Let’s start with eth e tightest North-South variation you’ll ever learn. It is an Eddie Bravo invention, and one of his best ones I might add. The usual issue with north-south is finding a way to control both the hips and shoulder of the bottom person without compromising your base. Well, leave it to Bravo to solve this puzzle. For the falt mode, you place one arm at the hip of your opponent. You then place your head on the opposite side, glued to the mats and their hip. The arm on the side of the head goes over the near side shoulder, again, as heavy as possible and glued to the mat. Finally, you use your hip to block their other shoulder, trapping the head in the process.
As long as you keep your body stiff in a push-up-like position, nobody is ever going to get out from there. The best thing is that you don’t have to do anything – literally.
Kesa Gatame Torture Series
Going on the offensive here, let’s talk about linking several interesting attacks together based on how an opponent reacts. Or better yet, make them react in a certain fashion. From the Kesa Gatame, you’ll often end up with the opponent’s arm over your shoulder. That’s an armlock right there. The key is, trapping them and making them uncomfortable. What you want to do is swing your top leg over their head. But don’t just leave it there, pul with it so that you completely break their posture. Now you can have your fun. An inverted armbar is right there for the taking.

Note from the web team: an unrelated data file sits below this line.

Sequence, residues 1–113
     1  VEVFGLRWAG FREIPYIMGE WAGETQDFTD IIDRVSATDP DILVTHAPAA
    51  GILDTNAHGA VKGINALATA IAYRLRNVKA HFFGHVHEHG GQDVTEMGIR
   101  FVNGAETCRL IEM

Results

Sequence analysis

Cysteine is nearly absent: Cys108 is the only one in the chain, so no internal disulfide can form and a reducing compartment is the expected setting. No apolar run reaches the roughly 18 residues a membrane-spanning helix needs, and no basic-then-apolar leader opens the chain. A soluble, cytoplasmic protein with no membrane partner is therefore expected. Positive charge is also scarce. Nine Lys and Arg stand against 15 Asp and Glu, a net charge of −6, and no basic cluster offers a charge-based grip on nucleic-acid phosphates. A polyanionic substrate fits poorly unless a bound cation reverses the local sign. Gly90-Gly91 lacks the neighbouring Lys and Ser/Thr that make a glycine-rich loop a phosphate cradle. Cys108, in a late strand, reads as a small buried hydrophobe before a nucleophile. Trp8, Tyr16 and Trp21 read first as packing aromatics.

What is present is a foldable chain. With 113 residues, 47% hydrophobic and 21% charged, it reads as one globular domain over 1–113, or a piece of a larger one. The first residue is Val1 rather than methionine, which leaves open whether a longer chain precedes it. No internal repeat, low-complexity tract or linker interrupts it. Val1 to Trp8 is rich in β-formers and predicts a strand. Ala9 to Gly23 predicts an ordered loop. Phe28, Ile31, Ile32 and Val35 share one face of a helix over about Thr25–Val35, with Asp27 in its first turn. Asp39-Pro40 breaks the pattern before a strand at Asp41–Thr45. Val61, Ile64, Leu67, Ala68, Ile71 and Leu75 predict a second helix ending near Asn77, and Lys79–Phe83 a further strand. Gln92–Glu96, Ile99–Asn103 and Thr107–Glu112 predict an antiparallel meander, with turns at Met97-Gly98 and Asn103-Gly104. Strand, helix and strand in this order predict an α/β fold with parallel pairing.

If the opponents decide to push your leg off with their arm, they’ll just open up more side control attacks. As they push, go under their armpit, and proceed to catch a cross-face with the arm trapped in between you and the opponent. Crush them a bit from there before you head off to mount or the back.
Lapel Arm Trap Triangle Choke
This is one move you’ll instantly fall in love with. It will require the use of a Gi, but you might even figure it out in No-Gi if you’re creative enough. Whenever there’s a frame against your neck, that means you have an arm to trap. Loosening up the partner’s Gi on the far side, Wrap it around their arm, aiming to trap the wrist with the lapel. The goal is to control the end of the lapel with the arm under their head. Now, you have several side control attacks to choose from.
The best one, though, is an unexpected mounted triangle attack. First, you’ll need space, so it is imperative that you push the near side leg to the ground in order to wind their hips up. This allows you to swing a leg over and go straight deep into a triangle. The finish is extremely easy, and you still have armbar options left on the arm that’s not wrapped up.
Chest Compression Choke
If you haven’t seen Dean Lister vs. Josh Barnett in Metamoris, you need to stop doing what you’re doing and watch that match. What you’ll witness is one of the best side control attacks ever pulled off in a high-level grappling match. Once again it is the scarf hold side control variation, albeit a bit modified.